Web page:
Friday, 13 November 2020, 14.30
A win for Limerick looks like a certainty. Let's look at what would have to happen for Waterford to win.
Limerick have lost two of their regular backs and can't afford to lose another. While they don't have a "single point of failure," every team has its limits and, of late, Limerick have moved closer to theirs. If one more defender, was to be injured/suspended, they'd be undeniably weakened. Their bench is shallow in defensive options. And, while Limerick have attacking options on the bench, if they were to lose Aaron Gillane, they'd start to look beatable as he's the fulcrum of the attack, the free-taker, and probably the most consistent forward in the game.
Image: Richie English and Tom Devine.
Kyle Hayes was redeployed to wing-back against Tipperary and, while this was commented on as representing Limerick's versatility, the more likely reason was that management wanted to shore up the left side of their defense, normally manned by Dan Morrissey and Richie English. The same left side looked wobbly in their first match against Clare and management were swift to diagnose this and make a slew of remedial changes. This restructuring showed that Limerick were not fully confident in numbers left corner- and wing-back.
Image: Conor Gleeson and Graeme Mulcahy.
So, the loss of one more defender and/or Aaron Gillane is necessary for Waterford to win. But, they'd still have to outscore Limerick's point-accumulating machine, and that means one thing: goals. Waterford would need 2-3 goals and to hold Limerick on the same account. This isn't impossible, and, while I wouldn't bet on it, Waterford are liable to be bold and unconventional, and therein could be the ingredients for the bit of needed randomness. That is to say, if Waterford were to play Limerick conventionally, they'd be blown away; but, by allowing for that bit of creativity and chance, there's some potential value for Waterford to capture.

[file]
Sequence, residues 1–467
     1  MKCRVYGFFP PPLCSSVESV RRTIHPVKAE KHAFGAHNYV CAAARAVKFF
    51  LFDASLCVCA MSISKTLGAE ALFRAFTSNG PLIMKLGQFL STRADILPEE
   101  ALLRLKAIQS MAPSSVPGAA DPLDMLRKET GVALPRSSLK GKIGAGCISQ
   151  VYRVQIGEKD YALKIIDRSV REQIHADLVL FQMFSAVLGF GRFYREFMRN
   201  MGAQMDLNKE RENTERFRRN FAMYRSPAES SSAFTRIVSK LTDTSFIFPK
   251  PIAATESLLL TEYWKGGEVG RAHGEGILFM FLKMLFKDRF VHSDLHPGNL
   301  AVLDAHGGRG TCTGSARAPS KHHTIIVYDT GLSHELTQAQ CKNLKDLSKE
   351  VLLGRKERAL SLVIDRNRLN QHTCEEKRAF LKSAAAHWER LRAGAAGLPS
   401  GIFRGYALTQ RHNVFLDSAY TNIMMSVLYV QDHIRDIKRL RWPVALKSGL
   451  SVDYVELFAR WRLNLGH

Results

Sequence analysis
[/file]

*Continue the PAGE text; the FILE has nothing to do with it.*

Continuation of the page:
If these events don't transpire for Limerick (i.e. the loss of another defender and/or Aaron Gillane, allied to Waterford doing the goal scoring), they should win at a canter, but let's see.
(There are of course, a whole range of other things Waterford would have to do to win, such as limit the excellent distribution of Limerick's half-backs, disrupt the smooth, incisive, linked passing in the middle third, and smother Gearóid Hegarty's player-of-the-year form, but these are known knowns).
Prediction: Limerick to win at ease, but I'm intrigued by the non-zero chance of the events that would lead Waterford up the steps to the most unlikely of wins.